The contact tracking technology is intended to put intelligent social distancing in place that allows keeping healthy people from Coronavirus exposure. Automated contact tracing lets the user scan people within close proximity to the risk of contagion. Bluetooth lets nearby devices communicate and exchange information about presymptomatic and infected individuals. When one person becomes infected with Covid-19, they update their status in the app, and the database sends alerts to the people on the infected person’s list. As a result, any person in question can inform those in contact with them about potential Coronavirus exposure. Each device connected to the network broadcasts a string of diagnosis keys that changes every 15 minutes to keep all the users in privacy. However, when someone happens to be infected, the signal becomes stronger and sends the message that the risk of catching Covid-19 in a specific area is high.

Ethical considerations

As much as the idea of the Apple-Google partnership, so-called Grapple, sounds invigorating, there are a few major hurdles that make Bluetooth-based contact tracing complicated to implement. The first inconvenience is tied to the peculiarity of iOS: an iPhone must constantly be open for a Covid-19 app to work, which is not simple to do.

The second one arises from public concern with data security and transparency. Most people are reluctant to disclose their location. Luckily, Bluetooth-based apps bypass it by allowing users to hide their data through a decentralized approach. Apple and Google have released Bluetooth short-range wireless protocols and APIs and Bluetooth and cryptography specifications that will allow every country to design its Covid-19 app concerning privacy and security issues.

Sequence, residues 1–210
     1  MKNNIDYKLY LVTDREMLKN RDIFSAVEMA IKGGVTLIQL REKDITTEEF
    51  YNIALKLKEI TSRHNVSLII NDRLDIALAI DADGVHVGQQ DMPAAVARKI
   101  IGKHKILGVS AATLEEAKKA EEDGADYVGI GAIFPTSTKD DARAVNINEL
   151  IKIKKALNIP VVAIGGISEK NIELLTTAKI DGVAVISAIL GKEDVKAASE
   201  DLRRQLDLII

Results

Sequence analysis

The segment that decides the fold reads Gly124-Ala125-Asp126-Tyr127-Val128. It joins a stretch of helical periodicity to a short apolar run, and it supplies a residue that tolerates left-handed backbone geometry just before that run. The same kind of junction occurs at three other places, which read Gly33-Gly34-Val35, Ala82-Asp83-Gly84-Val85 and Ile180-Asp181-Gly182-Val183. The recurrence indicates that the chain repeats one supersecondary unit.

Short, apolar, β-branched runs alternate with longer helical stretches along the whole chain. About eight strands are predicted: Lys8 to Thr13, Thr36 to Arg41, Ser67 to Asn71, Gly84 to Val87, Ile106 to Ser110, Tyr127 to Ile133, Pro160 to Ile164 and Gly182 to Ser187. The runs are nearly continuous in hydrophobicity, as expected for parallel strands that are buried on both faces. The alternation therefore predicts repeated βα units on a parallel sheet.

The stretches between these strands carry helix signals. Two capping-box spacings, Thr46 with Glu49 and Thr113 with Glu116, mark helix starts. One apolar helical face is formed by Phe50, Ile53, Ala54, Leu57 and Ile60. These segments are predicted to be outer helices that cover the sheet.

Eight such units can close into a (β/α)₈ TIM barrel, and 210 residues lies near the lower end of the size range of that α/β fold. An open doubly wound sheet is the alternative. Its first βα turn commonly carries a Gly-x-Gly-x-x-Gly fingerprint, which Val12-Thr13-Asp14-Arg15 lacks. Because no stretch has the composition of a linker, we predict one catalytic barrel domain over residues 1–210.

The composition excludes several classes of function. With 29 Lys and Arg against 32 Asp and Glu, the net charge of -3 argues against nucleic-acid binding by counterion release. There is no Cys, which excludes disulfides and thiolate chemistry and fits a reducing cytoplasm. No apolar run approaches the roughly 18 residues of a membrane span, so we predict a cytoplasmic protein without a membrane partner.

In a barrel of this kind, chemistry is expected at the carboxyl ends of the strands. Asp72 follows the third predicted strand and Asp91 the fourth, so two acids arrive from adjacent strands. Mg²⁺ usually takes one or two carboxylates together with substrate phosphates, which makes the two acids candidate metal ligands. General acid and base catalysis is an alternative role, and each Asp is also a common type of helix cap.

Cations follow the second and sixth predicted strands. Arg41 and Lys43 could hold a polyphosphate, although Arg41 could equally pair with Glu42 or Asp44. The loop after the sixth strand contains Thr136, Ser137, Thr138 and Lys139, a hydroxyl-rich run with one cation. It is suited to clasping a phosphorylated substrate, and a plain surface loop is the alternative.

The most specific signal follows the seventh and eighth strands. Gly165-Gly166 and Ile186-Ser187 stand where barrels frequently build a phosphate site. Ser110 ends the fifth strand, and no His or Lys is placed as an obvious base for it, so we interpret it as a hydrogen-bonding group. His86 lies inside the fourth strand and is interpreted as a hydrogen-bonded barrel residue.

The last difficulty lies in the fact that at least 60% of the population should start using this breed of apps to harness the contact tracing technology and make the most out of it. But in reality, only a sixth of the country’s population have downloaded such apps in Iceland, Ireland, Australia, and other countries. People are insufficiently encouraged to adopt this technology to detect the infection at the early stages. They need to feel that the use of such apps contributes to global well-being, but it is yet to be established.